Students learn and make progress when the instruction is aligned with their prior knowledge and information processing abilities. CBA and CBM assist educators in optimizing student learning and improving outcome. CBA allows the educator to plan instruction by gathering data on the student’s instructional needs within a particular curriculum (What needs to be taught?), and designing lessons to differentially instruct and provide corrective feedback to students during the learning process (How best to teach?). CBM provides a standardized way to evaluate progress in the local curriculum, and can be used to compare a student’s performance to his or her previous performance (e.g., during baseline or other intervention conditions), or to the performance of age- or grade-level peers. CBA and CBM are central components of progress monitoring assessments.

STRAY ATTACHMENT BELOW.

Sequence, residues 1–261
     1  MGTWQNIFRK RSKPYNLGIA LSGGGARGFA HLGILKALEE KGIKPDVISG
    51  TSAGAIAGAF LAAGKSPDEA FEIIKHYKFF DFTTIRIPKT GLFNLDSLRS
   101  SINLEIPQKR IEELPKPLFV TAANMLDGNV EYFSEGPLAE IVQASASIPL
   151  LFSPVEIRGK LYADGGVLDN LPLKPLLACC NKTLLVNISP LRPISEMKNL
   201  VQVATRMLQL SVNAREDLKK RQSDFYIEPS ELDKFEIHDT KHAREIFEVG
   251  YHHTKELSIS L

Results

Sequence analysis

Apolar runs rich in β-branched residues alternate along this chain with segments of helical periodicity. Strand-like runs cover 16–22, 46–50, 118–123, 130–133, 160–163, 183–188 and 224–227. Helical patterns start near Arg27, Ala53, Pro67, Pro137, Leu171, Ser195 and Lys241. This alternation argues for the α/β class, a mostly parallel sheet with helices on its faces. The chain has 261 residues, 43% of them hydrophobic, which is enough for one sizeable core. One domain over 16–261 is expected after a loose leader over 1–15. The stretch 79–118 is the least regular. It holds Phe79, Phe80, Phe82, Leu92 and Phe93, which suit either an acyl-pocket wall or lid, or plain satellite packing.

Ongoing considerations regarding child-specific factors as well as the instructional context guide interpretation of progress monitoring assessments. A student’s learning characteristics, ASD-specific symptoms, classroom adaptive skills, and behavioral adjustment may all affect performance differentially over time. Newly emerging problems within these areas and developmental maturation (e.g., improved self-awareness) can affect decisions regarding instruction. Personnel performance data may also be helpful in understanding reasons for a student’s rate of progress. The integrity of instruction and intervention should be carefully assessed prior to making significant (and perhaps unneeded) changes to the student’s education plan. Thus, in addition to the assessment of performance, ongoing assessment of student-specific and contextual factors is needed to help determine the correct instructional level for any given student, which helps maximize learning and improve outcomes (Gravois & Gickling, 2002).